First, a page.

It’s a frustrating time for those with service dogs and their trainers. It’s becoming easier and easier for a dog to pass as a bona fide service dog, and receive the same benefits as those who rely on them for medical necessity.
There are now 39 bills nationwide that are currently in the works to crack down on service dog fraud. Over the years, the public has become increasingly frustrated with the blurred lines of what makes a true service dog. With the recent influx of emotional support pets, there seems to be more and more animal lovers who are looking to exploit the confusion around the service dog title.
Though emotional support animals have their own important role, the acceptance of their presence in certain areas are beginning to make a joke of the seriousness of a true service dog. With the recent allowance of emotional support animals on flights and in public areas, many pet parents have begun to take advantage.
You can now go online and purchase an alarmingly official vest, which allows you to pass your furry friend off as an official service dog. With no defined legal definition between service dogs and emotional support dogs, this opens several loop holes for pet owners to exploit.
Misrepresenting a dog as a service dog can have serious consequences. Organizations like NEADS World Class Service Dogs take pride in their ability to craft these exceptional pups into professionals. True service dogs have gone through rigorous training for months on end, where they learn to perform their tasks to the highest standard. By having an untrained “service dog” in a public setting, your pup could interfere with the life-saving work that a true service dog is currently performing for their human.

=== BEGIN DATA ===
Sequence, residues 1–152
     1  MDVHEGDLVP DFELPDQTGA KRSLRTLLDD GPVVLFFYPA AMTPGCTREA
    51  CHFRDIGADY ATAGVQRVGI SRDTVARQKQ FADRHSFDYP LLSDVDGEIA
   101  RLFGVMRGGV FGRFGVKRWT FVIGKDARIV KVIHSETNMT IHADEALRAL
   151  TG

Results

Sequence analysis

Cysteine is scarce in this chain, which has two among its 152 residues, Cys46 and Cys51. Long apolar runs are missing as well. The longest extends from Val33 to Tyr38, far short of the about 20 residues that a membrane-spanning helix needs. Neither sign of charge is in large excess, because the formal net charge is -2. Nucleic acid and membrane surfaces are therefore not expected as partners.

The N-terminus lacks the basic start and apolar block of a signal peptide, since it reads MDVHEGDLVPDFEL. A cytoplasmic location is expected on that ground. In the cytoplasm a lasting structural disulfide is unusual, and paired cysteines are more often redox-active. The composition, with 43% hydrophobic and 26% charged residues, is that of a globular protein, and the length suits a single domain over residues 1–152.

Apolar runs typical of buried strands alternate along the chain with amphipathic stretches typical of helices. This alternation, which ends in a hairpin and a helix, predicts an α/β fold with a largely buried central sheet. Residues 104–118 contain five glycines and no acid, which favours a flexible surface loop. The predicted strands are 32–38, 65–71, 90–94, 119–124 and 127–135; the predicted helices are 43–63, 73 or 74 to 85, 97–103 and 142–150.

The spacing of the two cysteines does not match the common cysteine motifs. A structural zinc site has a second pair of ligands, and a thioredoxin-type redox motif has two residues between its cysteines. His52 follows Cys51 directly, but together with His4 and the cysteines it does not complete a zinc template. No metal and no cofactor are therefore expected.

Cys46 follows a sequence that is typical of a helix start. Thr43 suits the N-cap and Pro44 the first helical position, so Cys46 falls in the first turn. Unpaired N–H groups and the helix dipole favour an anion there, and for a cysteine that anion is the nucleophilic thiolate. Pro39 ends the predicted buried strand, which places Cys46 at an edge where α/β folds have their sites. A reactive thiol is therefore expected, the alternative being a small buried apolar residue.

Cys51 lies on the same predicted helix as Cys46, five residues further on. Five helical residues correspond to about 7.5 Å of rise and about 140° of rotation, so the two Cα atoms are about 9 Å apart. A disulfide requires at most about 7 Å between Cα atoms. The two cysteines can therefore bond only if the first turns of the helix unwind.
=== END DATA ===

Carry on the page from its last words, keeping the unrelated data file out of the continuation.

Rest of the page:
“Service dogs are one of the few tools that can expand an owner’s opportunity by giving them independence and confidence. It broadens their world to experience a more normal life than otherwise possible. Sadly, increased success in the area of invisible disabilities, combined with a lack of penalties for abuse, has resulted in an epidemic of pets being misrepresented as service dogs by irresponsible dog owners seeking to benefit.”- Sheila Goffe, AKC’s vice president of government relations.
These efforts are not meant to take away from the importance emotional support animals, but only to crack down on those looking to take advantage of the uncertainty surrounding service dogs.
If these bills pass, anyone attempting to fraudulently pass their dog off as a service dog could face a $500 fine, and 30 hours of community service.
Service dogs are highly trained professionals that can make a world of difference in a disabled person’s life. We can only hope that once these new laws are put in place, the public will begin to understand just how serious of a violation this is.
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